Pandemic, procedures and partisan politics: The 2021 legislative session, in photos
Senate Democrats had been talking for three hours. The filibuster, organized in response to Democrats' displeasure with Senate Republican leadership and allegations of a broken promise, had prevented any bills from being heard in the upper chamber on the last day of the session. Taking the reins, Senate Minority Leader John Rizzo, D-Independence, moved to adjourn. And like that, the Senate session ended early, while the House continued until the 6 p.m. deadline.
The 2021 session of the Missouri General Assembly started with a COVID-19 outbreak. It saw some long-prioritized legislation passed while other bills fell to the wayside of procedure and a ticking clock, and it ended in partisan animosity, with the knowledge that lawmakers will be back in the fall for a special session. Throughout it all, lawmakers voted and grandstanded, lobbyists did what they could to influence legislation, while staffers and special guests were allowed entry to the floor by navy-clad doormen.
COVID-19 shadowed the session, influencing conversations about vaccine passports, the power of local health experts and the lack of funding for Medicaid expansion. Partisan lines were drawn around guns, as Republicans moved forward with legislation that would nullify federal gun laws. Education savings accounts, a long-prioritized part of Republicans' "school choice" agenda, made it to the governor's desk. Both parties came together to pass a sweeping, bipartisan police bill that included a partial ban on chokeholds.
Gov. Mike Parson waves to members of the Missouri Senate before giving his State of the State address Jan. 27 at the Capitol in Jefferson City. The annual speech is usually given in the House, but was moved to the Senate the day of. Highlights of the speech included education funding, healthcare and infrastructure.
People watch a projection of Gov. Mike Parson as his gives the State of the State address Jan. 27 in the rotunda of the Capitol in Jefferson City. During most sessions, the rotunda is abuzz with scheduled rallies and school groups, but it was noticeably empty for most of the session's first half.
Members of the Missouri House of Representatives await a roll call vote Monday at the Capitol in Jefferson City. Representatives are in close quarters while on the floor and it was up to individual lawmakers whether to wear a mask as a precaution against COVID-19. The session began with a COVID-19 outbreak that forced the House to close the week of Jan. 18.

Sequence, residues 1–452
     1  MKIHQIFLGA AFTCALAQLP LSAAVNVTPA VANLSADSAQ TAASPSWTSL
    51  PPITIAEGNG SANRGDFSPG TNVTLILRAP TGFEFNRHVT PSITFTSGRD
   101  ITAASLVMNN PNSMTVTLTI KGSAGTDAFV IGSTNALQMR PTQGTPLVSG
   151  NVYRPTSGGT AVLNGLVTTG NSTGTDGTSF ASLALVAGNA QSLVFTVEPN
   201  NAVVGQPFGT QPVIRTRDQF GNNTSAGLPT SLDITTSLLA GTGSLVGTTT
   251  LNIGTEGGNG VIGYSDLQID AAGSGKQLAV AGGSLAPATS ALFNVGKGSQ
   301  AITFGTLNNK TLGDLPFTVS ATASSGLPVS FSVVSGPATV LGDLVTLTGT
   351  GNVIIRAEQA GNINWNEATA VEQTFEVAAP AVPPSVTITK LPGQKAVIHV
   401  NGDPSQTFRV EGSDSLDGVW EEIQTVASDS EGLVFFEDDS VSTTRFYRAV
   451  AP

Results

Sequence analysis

From left, Speaker of the House Rob Vescovo, R-Arnold, Rep. Cody Smith, R-Carthage, and Speaker Pro-Tempore John Wiemann, R-O’Fallon, address members of the press during a press conference following the House’s passage of several bills pertaining to the state budget May 7 at the Capitol in Jefferson City. The budget did not include funding for Medicaid expansion, which was approved by voters in 2020. During the conference, Vescovo rejected the idea that Republicans’ votes against Medicaid expansion were political. “I think for some of our members, it’s a fundamental issue that they disagreed with,” he said. “And that was the ability we gave them to vote the way they felt was necessary.”
A sign on a window into the Missouri House floor is pictured Feb. 1 at the Capitol in Jefferson City. Due to COVID-19, committee hearing rooms contained fewer chairs to accommodate social distancing. Members of the press and the public who wished to watch the hearings but could not secure a seat inside had the ability to watch them livestreamed
Missouri Speaker of the House Rob Vescovo, R-Arnold, prepares to gavel the session into order Feb. 1 at the Capitol in Jefferson City. This was Vescovo’s first session as Speaker. One of his major priorities this year, improving financial support for foster and adoptive parents, has already been signed into law.
Senate security specialist Brian Quick, left, stands outside of the Senate lounge before the start of a hearing Feb. 1 at the Capitol in Jefferson City. Inside, people who came to view or provide testimony at the hearing take their seats.
Capt. Mike Petlansky of the Missouri State Highway Patrol watches Gov. Mike Parson’s State of the State address through a window into the Senate chamber Jan. 27 at the Capitol in Jefferson City. Petlansky said he and other members of the Missouri State Highway Patrol were in the building to provide extra security for the event.